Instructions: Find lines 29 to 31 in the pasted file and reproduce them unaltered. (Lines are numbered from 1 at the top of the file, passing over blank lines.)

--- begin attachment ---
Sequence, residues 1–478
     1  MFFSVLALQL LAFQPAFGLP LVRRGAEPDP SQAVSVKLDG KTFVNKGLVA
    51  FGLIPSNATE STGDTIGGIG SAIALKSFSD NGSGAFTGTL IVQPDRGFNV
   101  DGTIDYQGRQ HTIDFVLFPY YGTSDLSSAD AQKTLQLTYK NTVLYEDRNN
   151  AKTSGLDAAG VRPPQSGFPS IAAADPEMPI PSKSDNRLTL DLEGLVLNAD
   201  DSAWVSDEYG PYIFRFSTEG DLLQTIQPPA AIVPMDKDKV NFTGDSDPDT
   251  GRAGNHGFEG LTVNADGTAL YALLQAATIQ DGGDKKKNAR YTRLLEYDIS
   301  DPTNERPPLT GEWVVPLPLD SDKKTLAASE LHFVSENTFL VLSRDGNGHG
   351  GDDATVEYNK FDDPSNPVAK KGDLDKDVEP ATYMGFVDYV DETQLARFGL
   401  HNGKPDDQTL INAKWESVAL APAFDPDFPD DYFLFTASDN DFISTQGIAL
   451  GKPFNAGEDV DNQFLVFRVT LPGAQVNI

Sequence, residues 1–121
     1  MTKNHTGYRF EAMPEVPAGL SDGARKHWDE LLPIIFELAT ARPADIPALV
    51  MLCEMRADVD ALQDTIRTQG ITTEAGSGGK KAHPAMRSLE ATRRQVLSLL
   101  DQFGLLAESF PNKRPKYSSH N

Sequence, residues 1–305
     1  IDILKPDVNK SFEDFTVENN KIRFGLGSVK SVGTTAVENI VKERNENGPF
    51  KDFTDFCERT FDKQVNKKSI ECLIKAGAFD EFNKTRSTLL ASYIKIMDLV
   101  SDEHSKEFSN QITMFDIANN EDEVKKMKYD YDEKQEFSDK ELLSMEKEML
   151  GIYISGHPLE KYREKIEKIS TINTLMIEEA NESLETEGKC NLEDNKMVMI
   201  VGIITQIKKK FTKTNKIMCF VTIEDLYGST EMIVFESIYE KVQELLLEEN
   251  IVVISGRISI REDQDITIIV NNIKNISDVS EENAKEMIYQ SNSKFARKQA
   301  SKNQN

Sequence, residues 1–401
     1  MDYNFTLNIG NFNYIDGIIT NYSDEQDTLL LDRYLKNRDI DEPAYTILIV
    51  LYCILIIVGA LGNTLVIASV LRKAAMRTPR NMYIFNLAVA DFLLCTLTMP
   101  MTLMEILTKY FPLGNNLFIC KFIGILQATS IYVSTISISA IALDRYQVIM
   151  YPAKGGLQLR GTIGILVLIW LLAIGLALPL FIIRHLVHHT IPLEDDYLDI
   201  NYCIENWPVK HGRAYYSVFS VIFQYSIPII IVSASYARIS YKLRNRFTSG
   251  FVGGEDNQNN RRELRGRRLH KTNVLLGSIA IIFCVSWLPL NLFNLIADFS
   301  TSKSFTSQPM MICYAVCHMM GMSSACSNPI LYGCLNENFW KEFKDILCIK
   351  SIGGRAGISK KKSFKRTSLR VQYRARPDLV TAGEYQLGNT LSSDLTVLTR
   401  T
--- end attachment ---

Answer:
   201  NYCIENWPVK HGRAYYSVFS VIFQYSIPII IVSASYARIS YKLRNRFTSG
   251  FVGGEDNQNN RRELRGRRLH KTNVLLGSIA IIFCVSWLPL NLFNLIADFS
   301  TSKSFTSQPM MICYAVCHMM GMSSACSNPI LYGCLNENFW KEFKDILCIK